Some 2,000 Jewish victims of Nazism, who have waited three years for the return of apartments from which they were ousted, will have to wait another half-year, it was reported here today.
A new restitution law, which is in draft form at present, would provide for the return of rental and lease rights to racial and political persecutees. The measure, which has met with a number of objections, must be passed in its final form by the Austrian Cabinet and then approved by the Allied Council.
The Organization of Former Concentration Camp Inmates has demanded that the law be amended so that it would apply in all cases where persecutees were dispossessed by the Nazis rather than that each case should he settled individually as the measure now provides. Thus far, the government has refused to make the change.
The measure now stipulates that after six months the Organization of Former Concentration Camp Inmates may claim all rental rights to which persecutees who died heirless would have been entitled. The organization will then lease the apartments to other persecutees as a form of general restitution. Individual claims are valid if filed within one year after final passage of the legislation.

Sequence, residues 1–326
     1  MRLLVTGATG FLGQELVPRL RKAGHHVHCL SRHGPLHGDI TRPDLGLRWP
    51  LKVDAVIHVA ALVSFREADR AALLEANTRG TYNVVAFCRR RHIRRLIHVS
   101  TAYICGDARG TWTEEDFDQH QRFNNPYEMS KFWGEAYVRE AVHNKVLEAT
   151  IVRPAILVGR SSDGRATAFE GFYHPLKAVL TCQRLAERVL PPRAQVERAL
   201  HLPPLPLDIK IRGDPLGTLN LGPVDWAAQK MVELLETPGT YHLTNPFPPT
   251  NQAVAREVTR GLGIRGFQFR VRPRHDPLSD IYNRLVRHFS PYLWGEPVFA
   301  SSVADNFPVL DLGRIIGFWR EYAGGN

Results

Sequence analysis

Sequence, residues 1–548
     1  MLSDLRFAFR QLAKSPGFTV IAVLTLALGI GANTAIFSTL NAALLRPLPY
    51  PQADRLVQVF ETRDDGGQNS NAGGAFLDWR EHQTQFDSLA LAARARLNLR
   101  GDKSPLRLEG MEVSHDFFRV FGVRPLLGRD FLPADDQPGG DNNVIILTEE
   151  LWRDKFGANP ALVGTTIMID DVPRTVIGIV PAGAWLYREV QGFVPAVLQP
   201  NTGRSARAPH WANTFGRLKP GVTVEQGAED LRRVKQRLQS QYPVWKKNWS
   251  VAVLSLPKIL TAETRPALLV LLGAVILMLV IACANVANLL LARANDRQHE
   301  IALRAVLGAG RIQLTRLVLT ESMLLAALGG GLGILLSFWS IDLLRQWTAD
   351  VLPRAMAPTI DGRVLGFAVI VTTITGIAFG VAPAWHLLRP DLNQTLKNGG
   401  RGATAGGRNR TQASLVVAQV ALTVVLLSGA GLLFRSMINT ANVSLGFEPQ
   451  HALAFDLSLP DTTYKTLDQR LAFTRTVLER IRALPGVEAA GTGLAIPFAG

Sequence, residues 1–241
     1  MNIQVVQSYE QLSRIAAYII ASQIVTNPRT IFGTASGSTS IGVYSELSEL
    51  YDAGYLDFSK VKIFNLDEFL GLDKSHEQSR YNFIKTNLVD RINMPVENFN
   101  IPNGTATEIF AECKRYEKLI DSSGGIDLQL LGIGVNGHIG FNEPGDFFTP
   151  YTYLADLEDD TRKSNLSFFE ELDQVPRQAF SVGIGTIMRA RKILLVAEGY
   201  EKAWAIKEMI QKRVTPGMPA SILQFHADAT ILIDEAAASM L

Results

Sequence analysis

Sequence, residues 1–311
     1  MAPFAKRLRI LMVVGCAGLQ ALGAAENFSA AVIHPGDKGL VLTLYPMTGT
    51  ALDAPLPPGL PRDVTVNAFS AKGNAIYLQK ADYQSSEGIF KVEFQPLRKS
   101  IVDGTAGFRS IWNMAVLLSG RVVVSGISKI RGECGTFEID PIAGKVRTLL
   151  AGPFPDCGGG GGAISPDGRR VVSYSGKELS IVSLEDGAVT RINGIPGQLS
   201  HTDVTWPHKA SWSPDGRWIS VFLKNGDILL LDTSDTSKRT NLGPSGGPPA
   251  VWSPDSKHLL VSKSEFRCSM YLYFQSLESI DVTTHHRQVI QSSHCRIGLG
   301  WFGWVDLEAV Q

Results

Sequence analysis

Under the proposed legislation only persons present in Austria can claim the return of rental rights, but even on that basis it is expected that a good-sized share of the Jewish community will be able to live in more habitable quarters. At present thousands of Jews are living in municipal barracks because of the severe housing shortage and the government’s refusal to evict Nazis and turn over their apartments to Jews and other victims of Nazism.
The Archive of the Jewish Telegraphic Agency includes articles published from 1923 to 2008. Archive stories reflect the journalistic standards and practices of the time they were published.